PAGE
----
A series of photos published in the May 2017 issue of “O, the Oprah Magazine” is tackling race in a unique way and sparking some heated discussions online.
In the now viral images featured in the photo essay titled “Let’s Talk About Race”, American photographer Chris Buck illustrated the importance of representation by reversing stereotypical roles held by women of color to those of White women, Mic reports.
One photo showed White women performing pedicures for Asian women at a nail salon, an illustrative reversal of the “Asians at nail salons” stereotype.
In the second photo, a young White girl stands inside a toy store staring at a shelf of only black dolls, the opposite of the typical sight in malls of yesteryear when Caucasian Barbie dolls ruled the aisles.
Another image features an obviously well-off young Latina woman who is being served by a White maid, whose presence seems not to be acknowledged at all.
The images, though presented in a straightforward manner, are bound to evoke complex emotions depending on their viewer due to the weight of the subject. Discussions about race, class, and power among women are always complex, and Buck acknowledged that interpretations of the photos may vary.
Buck, who lives in Chinatown, Manhattan, told NextShark that he mainly intended to flip race expectations on their heads.
“I feel like whenever I photograph someone of color, I have some awareness of the fact that they have a different background than me. One thing I try to do is to treat people to same. If you look at my book of portraits, you see people of color. You’ll see they look just as awkward as my pictures of White people. My portraits are about the vulnerability and humanity of individual people. I want to see that in people of all different backgrounds.”
According to O editor-in-chief Lucy Kaylin, the concept was hatched after her meeting with Oprah Winfrey herself. Kaylin told Mic that they came up with the idea in hopes of encouraging an “honest and passionate dialogue” about race.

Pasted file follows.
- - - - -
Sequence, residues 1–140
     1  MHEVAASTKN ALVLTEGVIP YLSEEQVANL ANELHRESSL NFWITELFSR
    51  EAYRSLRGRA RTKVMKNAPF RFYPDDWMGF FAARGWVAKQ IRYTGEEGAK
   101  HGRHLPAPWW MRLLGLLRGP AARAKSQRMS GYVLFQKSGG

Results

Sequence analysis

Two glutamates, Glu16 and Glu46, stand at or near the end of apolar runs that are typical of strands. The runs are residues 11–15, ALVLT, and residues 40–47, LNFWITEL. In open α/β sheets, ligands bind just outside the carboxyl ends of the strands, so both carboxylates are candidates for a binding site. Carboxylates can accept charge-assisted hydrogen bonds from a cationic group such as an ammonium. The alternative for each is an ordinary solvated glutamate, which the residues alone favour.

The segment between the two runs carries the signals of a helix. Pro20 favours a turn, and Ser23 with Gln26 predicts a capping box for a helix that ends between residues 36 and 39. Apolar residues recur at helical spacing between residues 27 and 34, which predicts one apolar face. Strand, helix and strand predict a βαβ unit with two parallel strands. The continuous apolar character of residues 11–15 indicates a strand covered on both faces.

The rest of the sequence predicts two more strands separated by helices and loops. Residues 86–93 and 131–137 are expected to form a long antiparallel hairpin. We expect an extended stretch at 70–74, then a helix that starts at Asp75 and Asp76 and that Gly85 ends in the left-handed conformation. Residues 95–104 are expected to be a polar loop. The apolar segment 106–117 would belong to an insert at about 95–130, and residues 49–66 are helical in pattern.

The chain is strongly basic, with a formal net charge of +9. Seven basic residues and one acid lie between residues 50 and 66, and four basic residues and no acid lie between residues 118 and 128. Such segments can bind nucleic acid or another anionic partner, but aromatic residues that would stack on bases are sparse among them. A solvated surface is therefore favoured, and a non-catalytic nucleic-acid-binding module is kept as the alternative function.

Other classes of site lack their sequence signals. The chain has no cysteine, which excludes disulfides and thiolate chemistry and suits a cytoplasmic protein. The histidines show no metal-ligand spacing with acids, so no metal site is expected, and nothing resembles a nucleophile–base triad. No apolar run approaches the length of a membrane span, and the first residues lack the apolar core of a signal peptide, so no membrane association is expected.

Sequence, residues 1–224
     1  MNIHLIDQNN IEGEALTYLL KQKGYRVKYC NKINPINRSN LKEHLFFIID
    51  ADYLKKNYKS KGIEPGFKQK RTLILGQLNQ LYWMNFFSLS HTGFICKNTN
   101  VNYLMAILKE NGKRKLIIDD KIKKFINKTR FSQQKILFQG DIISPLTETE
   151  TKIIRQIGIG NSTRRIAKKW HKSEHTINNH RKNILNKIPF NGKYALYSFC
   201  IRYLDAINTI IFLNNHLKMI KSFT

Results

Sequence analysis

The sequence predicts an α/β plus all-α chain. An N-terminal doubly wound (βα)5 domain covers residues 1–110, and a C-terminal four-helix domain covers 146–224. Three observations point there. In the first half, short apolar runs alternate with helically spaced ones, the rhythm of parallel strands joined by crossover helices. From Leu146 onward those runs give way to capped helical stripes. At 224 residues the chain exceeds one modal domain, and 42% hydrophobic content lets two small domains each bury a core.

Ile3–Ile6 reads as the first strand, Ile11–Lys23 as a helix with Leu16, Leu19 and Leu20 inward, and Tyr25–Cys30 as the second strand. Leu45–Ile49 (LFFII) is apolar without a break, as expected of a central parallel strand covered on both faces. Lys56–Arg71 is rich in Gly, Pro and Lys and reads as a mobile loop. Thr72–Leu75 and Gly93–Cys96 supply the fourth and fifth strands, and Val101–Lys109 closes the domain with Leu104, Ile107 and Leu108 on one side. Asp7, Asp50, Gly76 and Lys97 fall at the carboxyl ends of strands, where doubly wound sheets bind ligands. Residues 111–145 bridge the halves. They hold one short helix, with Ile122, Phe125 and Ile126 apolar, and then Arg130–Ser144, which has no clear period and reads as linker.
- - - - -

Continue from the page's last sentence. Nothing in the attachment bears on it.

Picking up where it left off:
Buck, a White male photographer who was commissioned by O for the job, said engaging in conversations about race and social justice is a part of his role as a photographer.
“It’s important for me to be involved in stories like this, and help them become more nuanced and interesting. This is my job,” Buck told Mic.
The photo essay immediately struck a chord with many women of color when the images emerged online. Many found the images powerful in conveying an unspoken struggle between races that still exists to this day.
Flipped and switched – perspectives on race (photos from O Magazine) pic.twitter.com/i7e5vPH6T8
— Jae (@jaeralde) May 14, 2017
— Tokyo Outsider 🌏 (@tokyo_0) May 16, 2017
There are, however, those who accused the magazine as perpetuating “reverse-racism” and blaming White people for the status of women of color in society.
@jaeralde Don’t fight racism with racism, rise above it and create a common ground to where you educate people on how to actually be equal
— Jmon$ (@fuckjxck) May 15, 2017
— ♡ ジェリー @AQOURS AX (@xAmaiiJelli) May 15, 2017
— Tania Hernandez (@tantangerine_) May 15, 2017
However, Buck also gave NextShark his two cents when it comes to things like White privilege:
“I personally don’t like the term privilege when it’s directed at White people. I find it a bit dehumanizing. I wouldn’t want to direct that at other people, so I don’t like that term ‘White privilege’. I think talking about race and talking about different experiences is good and certainly I’ve recognized that I’ve had some advantages while other people haven’t. I don’t want White people, including myself, to be where our voices are inherently diminished because we have less of a moral authority.
“These pictures should have a dialogue happen between people of color and White people so White people can understand better the experience of people of color and that everyone then can feel like they can express themselves.”
Despite the controversy, Buck sees the photo essay as a good thing because, in the very least, it gets the conversation going:
“If someone’s feelings are hurt, and this is like pointing a finger at them, then great, let’s talk about it.
“If this begins a conversation, then that’s great – that’s my take on it. It’s fine if [the conversation] begins online, but more importantly, they should be carried out in the real world.”
You can check out more of Chris Buck’s work through his portrait book “Uneasy“.